The United States has increased to more than $37 million its funding for emergency relief in areas of the Philippines affected by Typhoon Haiyan/Yolanda.
The United States originally committed $20 million in relief after the November 8 typhoon, reaching thousands of families with plastic sheeting for homes, soap, toothbrushes, toilet paper and other sanitary supplies.
International donors also have increased their assistance. As of November 18, those donors had pledged more than $182 million to help people affected by the typhoon, the U.S. Agency for International Development (USAID) reports.
This is the fifth time since 2009 that USAID has been called to respond to a major typhoon in the Philippines, according to Jeremy Konyndyk, the agency's director of foreign disaster assistance.
Konyndyk said preparedness and quick action were critical to the U.S. response to the most recent crisis. Because USAID's weather experts helped predict the storm's approach, the agency was able to dispatch an advance disaster response team to the Philippines capital of Manila, north of the typhoon's destructive path. Within 24 hours of the storm's passage through the center of the country, the team was able to reach that area and begin to identify immediate needs.
According to USAID and the United Nations Office for the Coordination of Humanitarian Affairs (OCHA), access to affected areas has improved in recent days as debris is cleared and roads and bridges are repaired. In addition, the Philippines military says all airports in the region are now operational, although some at limited capacity.
Fuel provisions coordinated by USAID, the U.S. Defense Department and the Philippines military enabled the water treatment plant in the city of Tacloban to resume bringing service to 200,000 people. OCHA says repairs are underway on a network of smaller pipes. Tacloban is the capital of Leyte province and was one of the hardest-hit areas.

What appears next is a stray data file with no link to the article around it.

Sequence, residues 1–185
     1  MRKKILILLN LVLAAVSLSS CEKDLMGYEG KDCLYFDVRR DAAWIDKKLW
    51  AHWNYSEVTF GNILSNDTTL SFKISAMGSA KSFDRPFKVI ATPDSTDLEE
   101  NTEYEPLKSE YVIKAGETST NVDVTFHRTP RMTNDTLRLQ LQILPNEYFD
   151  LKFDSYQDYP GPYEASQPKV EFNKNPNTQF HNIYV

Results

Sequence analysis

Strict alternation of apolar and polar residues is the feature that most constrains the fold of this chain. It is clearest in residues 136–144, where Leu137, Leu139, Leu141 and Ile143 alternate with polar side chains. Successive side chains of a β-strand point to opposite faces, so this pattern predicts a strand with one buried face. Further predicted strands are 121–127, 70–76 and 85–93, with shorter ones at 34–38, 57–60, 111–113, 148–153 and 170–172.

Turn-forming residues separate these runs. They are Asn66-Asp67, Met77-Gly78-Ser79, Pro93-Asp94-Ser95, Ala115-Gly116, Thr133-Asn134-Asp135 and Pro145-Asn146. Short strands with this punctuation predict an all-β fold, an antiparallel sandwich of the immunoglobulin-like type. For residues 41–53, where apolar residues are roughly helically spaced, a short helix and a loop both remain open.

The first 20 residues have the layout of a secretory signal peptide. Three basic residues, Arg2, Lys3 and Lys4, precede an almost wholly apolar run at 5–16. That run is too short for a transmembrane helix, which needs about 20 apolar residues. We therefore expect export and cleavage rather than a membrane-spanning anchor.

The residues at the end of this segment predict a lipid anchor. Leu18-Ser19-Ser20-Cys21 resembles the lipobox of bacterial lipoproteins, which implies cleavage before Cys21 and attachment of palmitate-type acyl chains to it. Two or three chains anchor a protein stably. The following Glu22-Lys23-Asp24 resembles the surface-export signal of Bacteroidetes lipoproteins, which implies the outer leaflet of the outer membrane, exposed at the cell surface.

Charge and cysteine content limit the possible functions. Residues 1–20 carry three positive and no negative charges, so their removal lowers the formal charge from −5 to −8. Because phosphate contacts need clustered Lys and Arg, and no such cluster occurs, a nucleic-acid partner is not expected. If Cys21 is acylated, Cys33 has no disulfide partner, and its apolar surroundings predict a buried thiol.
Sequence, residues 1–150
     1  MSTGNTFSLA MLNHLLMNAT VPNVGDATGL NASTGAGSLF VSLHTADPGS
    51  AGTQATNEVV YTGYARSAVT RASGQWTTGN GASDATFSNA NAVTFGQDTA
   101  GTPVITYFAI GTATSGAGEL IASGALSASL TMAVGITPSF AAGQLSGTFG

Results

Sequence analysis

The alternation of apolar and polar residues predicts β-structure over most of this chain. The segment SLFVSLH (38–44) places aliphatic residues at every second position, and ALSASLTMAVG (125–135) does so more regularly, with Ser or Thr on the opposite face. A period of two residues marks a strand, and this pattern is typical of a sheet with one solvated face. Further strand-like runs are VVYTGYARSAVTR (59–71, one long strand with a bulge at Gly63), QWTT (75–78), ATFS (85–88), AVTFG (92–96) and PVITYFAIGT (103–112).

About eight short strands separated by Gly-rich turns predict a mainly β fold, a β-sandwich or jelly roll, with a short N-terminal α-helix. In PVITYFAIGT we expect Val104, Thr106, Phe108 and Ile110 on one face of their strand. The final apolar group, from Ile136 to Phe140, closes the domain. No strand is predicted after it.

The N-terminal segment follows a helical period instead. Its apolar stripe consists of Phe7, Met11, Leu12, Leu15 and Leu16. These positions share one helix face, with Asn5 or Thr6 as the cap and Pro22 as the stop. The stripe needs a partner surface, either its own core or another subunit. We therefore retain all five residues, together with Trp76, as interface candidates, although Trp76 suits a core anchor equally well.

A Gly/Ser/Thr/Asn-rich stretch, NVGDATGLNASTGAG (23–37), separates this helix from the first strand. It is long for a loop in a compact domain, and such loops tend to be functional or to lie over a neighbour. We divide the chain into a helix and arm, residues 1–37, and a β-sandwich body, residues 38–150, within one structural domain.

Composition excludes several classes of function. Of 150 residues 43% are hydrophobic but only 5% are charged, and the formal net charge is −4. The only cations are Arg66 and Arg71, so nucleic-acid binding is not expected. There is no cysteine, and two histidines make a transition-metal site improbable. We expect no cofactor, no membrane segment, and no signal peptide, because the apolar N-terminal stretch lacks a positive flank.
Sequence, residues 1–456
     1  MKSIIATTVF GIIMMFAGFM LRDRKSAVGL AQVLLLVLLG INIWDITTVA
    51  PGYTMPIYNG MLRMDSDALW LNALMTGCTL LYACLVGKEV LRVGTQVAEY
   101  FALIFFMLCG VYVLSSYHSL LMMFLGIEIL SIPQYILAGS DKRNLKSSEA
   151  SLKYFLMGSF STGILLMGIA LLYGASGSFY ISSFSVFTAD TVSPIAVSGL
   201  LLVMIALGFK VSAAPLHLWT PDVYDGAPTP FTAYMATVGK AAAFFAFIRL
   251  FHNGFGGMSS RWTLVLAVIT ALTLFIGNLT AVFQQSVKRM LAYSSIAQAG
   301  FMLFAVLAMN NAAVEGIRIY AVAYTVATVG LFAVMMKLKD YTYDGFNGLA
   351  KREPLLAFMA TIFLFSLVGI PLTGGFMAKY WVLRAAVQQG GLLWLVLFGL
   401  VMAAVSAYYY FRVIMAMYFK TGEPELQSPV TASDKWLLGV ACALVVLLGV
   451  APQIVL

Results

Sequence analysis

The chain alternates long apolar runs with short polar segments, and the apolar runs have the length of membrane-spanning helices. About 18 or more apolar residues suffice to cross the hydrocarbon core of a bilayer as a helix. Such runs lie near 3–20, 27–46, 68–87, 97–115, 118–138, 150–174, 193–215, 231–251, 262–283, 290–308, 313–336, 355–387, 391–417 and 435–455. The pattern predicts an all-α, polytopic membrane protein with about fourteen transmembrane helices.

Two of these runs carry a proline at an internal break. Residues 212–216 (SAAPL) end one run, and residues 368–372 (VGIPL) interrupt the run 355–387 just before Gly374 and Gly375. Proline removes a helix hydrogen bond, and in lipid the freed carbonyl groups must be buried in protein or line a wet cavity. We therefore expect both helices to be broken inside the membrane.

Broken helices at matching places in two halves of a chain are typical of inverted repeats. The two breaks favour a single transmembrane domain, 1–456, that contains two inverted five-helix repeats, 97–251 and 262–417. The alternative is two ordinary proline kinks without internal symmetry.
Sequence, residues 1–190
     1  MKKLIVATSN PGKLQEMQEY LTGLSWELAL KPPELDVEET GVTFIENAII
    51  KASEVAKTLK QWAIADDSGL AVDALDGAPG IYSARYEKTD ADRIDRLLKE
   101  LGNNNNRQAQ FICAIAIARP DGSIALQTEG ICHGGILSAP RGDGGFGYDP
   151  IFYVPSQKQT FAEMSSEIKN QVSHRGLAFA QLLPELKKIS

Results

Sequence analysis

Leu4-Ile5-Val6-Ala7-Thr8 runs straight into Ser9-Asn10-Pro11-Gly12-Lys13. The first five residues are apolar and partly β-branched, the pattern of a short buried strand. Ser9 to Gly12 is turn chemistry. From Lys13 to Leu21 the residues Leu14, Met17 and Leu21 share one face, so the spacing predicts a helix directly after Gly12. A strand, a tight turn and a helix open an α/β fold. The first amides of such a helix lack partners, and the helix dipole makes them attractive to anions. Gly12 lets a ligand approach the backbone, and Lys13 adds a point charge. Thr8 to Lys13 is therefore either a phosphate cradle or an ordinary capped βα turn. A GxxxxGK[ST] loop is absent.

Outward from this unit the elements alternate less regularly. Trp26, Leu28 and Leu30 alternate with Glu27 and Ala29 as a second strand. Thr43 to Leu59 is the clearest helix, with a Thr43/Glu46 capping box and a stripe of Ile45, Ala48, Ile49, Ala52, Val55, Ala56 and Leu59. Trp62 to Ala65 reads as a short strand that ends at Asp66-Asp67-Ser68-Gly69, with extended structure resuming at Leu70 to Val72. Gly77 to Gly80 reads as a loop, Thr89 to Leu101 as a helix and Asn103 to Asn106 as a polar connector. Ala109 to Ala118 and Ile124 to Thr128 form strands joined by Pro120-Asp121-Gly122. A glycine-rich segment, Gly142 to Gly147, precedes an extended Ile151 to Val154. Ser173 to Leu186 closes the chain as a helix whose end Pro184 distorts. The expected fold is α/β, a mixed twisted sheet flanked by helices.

To minimize sanitation risks, the U.S. Defense Department plans to construct additional latrines in Tacloban and surrounding areas, USAID reports.
USAID continues to procure trucks, barges and other vehicles for the distribution of emergency aid. The disaster response team has established an operating base in Tacloban and posted a logistics officer and a military liaison officer at the city's airport to coordinate aid distribution with humanitarian groups.
As of November 18, 796,000 people in need in Leyte province had received emergency rice, high-energy biscuits and canned food from the United Nations World Food Programme with $15 million in U.S. support, USAID reports. WFP plans to set up logistical hubs in Roxas city and Capiz province to improve aid distribution, USAID says.
In cooperation with the United Nations, relief groups have distributed rice and vegetable seeds and farming tools to 11,300 farming families. The U.N. stresses that farmers need these supplies by mid-December to replant their fields and secure a harvest in the period of March-April.
"As more and more aid from the U.S. and many others — from countries to charities to individual donors — begins to reach the Philippines, we are optimistic that the response effort is turning a corner," Konyndyk said.